recognized as separate objectives. The assessment of how management has satisfied
its stewardship responsibilities may require more information that is not
necessarily provided to achieve the objective of financial reporting.
Stewardship helps to increase the decision usefulness to the relevant decision
maker by imposing responsibility for management to take care of the entity’s
resources, thus increasing the relevance and faithful representation of the
financial report. Stewardship helps to accurately record, assess management
performance, and provide information to optimise firm value, therefore
improving overall investment decisions. Management stewardship is meaningful to
financial reports users who are interested in making resource allocation
decisions because managements performance in discharging its stewardship
responsibilities significantly affects an entities ability to generate net cash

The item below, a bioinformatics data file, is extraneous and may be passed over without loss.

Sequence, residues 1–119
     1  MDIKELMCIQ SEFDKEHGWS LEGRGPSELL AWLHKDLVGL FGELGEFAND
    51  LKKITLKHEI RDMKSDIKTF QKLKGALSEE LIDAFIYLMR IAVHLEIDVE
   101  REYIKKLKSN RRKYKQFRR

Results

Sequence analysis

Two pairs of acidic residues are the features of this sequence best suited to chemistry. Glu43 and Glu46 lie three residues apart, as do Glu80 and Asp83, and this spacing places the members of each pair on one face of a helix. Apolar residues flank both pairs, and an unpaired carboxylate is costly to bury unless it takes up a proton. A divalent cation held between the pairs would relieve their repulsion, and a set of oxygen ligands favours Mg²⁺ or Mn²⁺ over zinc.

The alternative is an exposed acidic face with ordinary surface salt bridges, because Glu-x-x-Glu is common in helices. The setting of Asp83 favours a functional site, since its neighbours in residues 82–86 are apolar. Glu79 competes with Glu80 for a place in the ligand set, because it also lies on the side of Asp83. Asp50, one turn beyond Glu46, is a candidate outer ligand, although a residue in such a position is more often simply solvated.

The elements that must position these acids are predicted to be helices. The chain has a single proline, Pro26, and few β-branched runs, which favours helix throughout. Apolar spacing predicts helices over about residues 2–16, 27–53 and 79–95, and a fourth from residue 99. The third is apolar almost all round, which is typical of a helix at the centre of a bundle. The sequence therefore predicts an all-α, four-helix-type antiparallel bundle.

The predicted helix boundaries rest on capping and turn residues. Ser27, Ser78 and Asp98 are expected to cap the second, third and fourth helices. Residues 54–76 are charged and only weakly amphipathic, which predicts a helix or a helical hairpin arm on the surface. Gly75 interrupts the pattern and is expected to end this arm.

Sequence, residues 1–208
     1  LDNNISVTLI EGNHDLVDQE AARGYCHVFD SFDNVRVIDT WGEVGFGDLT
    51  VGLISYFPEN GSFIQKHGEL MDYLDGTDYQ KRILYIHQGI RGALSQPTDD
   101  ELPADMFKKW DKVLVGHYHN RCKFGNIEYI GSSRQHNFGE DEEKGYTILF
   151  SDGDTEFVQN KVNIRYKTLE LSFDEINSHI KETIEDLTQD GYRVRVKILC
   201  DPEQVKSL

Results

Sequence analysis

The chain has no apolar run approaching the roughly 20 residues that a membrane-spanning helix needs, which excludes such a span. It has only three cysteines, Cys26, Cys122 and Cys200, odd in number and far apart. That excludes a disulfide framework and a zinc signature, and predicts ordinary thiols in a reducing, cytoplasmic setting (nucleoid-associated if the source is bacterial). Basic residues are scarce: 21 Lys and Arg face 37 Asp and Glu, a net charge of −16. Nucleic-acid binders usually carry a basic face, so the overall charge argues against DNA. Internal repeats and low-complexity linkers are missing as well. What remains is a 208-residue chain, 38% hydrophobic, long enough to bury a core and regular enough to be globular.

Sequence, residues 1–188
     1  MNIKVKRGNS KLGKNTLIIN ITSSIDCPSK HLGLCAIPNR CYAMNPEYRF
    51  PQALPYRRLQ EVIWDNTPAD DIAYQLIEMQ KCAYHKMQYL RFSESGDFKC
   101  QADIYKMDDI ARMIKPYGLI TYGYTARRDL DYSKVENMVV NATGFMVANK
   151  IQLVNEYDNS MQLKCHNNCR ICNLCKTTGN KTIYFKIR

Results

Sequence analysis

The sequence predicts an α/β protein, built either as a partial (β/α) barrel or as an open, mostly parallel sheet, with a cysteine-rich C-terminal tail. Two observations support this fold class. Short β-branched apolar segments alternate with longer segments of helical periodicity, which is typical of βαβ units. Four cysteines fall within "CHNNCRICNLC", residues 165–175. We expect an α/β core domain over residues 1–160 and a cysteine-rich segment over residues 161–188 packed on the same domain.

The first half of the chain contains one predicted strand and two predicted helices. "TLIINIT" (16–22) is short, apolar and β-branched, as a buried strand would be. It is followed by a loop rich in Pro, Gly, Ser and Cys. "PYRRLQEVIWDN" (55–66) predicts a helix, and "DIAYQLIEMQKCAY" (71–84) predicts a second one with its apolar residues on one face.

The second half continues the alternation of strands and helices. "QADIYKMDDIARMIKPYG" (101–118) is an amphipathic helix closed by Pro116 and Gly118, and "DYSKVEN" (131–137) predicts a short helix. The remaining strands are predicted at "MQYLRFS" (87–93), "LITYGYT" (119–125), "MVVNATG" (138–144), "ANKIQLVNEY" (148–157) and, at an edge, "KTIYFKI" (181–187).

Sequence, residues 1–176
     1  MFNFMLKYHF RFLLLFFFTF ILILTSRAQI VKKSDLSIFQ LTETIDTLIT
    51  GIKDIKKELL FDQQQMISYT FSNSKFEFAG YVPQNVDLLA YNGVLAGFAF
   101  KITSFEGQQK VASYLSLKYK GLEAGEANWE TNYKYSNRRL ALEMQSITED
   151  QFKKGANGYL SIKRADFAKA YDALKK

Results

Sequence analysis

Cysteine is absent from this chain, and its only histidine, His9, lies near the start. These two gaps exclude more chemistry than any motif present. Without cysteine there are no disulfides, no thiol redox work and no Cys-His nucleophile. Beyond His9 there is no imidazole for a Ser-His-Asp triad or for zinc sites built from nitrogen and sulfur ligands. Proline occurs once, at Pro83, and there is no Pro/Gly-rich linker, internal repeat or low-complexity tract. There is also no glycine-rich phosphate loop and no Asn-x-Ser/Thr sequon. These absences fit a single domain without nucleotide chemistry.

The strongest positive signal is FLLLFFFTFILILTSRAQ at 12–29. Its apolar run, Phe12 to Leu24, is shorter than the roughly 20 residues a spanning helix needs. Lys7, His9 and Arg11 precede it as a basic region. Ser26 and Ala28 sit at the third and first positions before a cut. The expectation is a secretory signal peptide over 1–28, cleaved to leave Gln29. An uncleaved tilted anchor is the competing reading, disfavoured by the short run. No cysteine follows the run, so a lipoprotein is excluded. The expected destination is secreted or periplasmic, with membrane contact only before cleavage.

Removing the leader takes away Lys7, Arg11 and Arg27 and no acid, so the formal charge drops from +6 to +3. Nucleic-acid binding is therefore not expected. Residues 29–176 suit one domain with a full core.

inflows (Kuhner and Pelger 2015).

 

However,
assessing the performance of management stewardship through financial
statements may prove difficult because of the agency problem. Agrawel and
Koeber (1996) state that the concern about stewardship being a separate
objective seems to arise from the potential conflict between the interests of owners
and management. Bebchuck and Fried (2003) argue that managers have a lot of
influence and power over shareholders in different aspects, such as influencing
the link their performance and their salary. Managers have almost complete
freedom which enables them to benefit from their own private interests. For
example, a manager may pay out less of the entities earnings in dividends and
retain more in order to invest for the growth of the entity. Also, managers may
not want to distribute excess cash making financial statements irrelevant and showing
an inaccurate reflection of allocating managerial resources. Boshkoska (2014)
states that increasing managerial compensation will reduce the agency costs to
shareholders which would make financial statements more likely to represent
accurate information about a firm’s stewardship.  Also, this will reduce conflict of interest
between the manager and shareholder, so that when shareholders benefit,
managers can also benefit.

 

 

Furthermore,
Kuhner and Pelger (2015) show that the concept of fair value has different